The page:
A rook has as much trouble pinning an enemy rook as a bishop has pinning an enemy bishop—unless, that is, the enemy rook is pinned twice. Here White’s rook is pinned by Black’s. The White rook looks safe enough because it has protection from its queen, but this protection turns out to be White's undoing; it causes Black to ask whether the rook can be pinned to its guard as well as to its king. He plays Qd2 and now White’s rook is stuck on its square. Any move it makes will expose either White’s king or queen to capture. The rook is attacked twice and protected once, so Black will be able to bring it down next move with RxR+.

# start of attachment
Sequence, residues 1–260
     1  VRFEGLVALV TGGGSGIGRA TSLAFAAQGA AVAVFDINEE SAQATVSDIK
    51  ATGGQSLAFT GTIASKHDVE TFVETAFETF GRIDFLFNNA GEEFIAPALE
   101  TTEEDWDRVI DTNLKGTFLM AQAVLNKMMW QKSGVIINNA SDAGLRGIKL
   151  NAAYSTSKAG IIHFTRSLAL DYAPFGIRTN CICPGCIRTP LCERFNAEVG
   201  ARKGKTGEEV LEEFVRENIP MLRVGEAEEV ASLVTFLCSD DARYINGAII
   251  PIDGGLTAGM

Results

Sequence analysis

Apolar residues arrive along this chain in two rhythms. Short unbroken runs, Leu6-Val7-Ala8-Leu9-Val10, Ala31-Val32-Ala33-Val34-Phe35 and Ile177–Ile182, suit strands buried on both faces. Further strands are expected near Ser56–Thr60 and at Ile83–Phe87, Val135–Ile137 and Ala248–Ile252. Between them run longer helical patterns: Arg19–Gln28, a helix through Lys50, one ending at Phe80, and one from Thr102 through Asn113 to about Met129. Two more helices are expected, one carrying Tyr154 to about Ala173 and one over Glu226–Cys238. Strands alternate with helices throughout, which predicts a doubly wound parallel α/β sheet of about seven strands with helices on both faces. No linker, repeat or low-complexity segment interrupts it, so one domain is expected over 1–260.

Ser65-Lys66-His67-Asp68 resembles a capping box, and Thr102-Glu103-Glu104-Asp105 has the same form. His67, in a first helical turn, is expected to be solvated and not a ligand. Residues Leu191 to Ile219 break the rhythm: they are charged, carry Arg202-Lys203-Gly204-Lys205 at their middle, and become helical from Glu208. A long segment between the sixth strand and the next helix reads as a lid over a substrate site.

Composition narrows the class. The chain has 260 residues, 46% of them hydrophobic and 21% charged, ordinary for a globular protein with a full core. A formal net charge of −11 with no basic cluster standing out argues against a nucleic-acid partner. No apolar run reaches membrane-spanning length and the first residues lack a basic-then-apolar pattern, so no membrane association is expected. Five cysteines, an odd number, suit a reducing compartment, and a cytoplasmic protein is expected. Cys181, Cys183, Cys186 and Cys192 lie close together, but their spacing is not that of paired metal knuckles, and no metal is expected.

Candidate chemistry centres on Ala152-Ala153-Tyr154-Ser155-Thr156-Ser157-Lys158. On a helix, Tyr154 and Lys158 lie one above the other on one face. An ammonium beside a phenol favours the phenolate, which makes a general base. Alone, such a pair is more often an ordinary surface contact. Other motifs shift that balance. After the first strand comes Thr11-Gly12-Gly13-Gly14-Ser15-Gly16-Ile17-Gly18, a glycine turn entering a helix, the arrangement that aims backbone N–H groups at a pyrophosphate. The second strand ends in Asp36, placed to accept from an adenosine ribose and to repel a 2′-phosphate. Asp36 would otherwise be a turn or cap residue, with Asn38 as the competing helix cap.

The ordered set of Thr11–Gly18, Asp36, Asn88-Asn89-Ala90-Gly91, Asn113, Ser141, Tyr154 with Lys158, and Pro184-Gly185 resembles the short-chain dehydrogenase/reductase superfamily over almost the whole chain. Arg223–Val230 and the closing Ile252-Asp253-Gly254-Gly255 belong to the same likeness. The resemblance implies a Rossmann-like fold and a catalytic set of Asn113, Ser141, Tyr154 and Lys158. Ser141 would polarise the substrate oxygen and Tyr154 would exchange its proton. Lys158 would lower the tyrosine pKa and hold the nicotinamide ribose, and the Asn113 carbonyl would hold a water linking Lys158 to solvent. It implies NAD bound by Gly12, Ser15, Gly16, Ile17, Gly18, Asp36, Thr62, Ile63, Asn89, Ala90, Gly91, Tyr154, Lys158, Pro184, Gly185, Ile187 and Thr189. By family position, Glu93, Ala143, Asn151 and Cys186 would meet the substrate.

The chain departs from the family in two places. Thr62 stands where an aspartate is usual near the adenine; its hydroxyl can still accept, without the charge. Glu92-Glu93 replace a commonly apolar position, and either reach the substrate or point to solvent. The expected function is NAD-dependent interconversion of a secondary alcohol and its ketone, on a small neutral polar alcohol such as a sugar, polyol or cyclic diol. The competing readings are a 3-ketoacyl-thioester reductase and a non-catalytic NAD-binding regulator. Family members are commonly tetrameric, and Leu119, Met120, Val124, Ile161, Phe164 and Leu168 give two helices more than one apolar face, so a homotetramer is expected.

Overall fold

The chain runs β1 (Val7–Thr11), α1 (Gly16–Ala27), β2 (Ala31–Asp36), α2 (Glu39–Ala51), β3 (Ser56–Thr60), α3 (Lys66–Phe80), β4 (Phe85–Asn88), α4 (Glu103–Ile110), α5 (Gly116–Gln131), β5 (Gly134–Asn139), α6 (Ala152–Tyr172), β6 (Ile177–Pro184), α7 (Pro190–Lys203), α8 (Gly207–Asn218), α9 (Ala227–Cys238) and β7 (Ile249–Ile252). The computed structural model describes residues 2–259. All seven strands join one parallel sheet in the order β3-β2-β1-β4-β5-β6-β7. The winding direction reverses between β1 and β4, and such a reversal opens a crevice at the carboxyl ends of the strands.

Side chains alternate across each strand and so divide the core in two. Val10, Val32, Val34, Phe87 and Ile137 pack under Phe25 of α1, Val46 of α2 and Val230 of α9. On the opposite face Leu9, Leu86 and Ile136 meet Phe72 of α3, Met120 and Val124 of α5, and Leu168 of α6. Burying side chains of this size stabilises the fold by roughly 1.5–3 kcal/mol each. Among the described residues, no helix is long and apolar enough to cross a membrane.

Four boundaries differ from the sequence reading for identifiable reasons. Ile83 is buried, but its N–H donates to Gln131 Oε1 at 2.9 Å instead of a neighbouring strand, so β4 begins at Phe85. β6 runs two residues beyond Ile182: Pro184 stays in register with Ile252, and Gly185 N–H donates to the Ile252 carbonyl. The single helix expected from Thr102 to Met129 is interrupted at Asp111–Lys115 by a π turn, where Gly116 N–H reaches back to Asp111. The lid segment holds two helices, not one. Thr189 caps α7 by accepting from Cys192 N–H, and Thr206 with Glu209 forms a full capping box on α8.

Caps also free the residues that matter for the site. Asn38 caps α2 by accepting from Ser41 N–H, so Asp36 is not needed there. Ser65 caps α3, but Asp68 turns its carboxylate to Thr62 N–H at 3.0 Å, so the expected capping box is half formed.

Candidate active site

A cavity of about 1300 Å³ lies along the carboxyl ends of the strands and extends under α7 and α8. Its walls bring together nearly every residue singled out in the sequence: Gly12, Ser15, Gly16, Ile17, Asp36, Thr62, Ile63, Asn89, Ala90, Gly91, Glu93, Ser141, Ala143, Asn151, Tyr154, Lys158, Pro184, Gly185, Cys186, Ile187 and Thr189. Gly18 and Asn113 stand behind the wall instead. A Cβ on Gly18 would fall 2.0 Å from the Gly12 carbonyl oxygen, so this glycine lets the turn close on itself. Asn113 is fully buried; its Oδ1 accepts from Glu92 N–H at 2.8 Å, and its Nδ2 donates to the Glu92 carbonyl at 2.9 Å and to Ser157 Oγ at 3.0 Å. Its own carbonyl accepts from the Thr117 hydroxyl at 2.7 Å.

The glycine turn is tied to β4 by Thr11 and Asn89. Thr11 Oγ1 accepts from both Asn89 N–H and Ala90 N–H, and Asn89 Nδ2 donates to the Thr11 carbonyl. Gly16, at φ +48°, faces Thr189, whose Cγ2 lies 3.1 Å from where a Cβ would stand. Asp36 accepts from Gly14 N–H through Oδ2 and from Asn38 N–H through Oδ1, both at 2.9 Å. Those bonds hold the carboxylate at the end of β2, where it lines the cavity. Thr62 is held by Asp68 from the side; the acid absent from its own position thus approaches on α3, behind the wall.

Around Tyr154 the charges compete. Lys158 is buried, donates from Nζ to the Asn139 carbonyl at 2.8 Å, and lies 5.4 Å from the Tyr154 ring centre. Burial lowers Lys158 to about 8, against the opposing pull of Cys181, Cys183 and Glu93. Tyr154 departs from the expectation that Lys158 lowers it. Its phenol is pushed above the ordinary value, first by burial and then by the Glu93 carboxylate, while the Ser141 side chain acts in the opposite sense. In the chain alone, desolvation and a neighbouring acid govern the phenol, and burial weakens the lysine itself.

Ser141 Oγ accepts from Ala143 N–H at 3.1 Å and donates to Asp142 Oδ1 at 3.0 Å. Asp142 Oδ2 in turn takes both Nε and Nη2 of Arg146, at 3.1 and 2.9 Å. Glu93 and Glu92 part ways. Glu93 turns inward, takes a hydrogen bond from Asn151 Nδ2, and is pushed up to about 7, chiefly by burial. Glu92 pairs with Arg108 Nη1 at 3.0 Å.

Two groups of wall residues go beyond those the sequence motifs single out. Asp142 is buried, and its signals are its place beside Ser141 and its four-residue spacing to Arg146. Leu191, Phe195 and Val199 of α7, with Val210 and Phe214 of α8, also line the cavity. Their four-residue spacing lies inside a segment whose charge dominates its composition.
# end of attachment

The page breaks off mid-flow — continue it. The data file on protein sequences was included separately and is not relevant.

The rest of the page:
Your only worry is that White might be able to disrupt all this by replying to Black's Qd2 with Qd8+. We've seen this general risk before: a problem with pinning something to your opponent's queen is that the queen may be able to make a threat or capture that wrests away the initiative. In this case Qd8+ would force Black to move his king; and if White’s queen could safely keep the king on the run, it could unpin the rook on d3—and thus allow it to play RxR, since the rook at b3 would have been left loose. But once Black replies to Qd8+ with Kh7, White is out of options.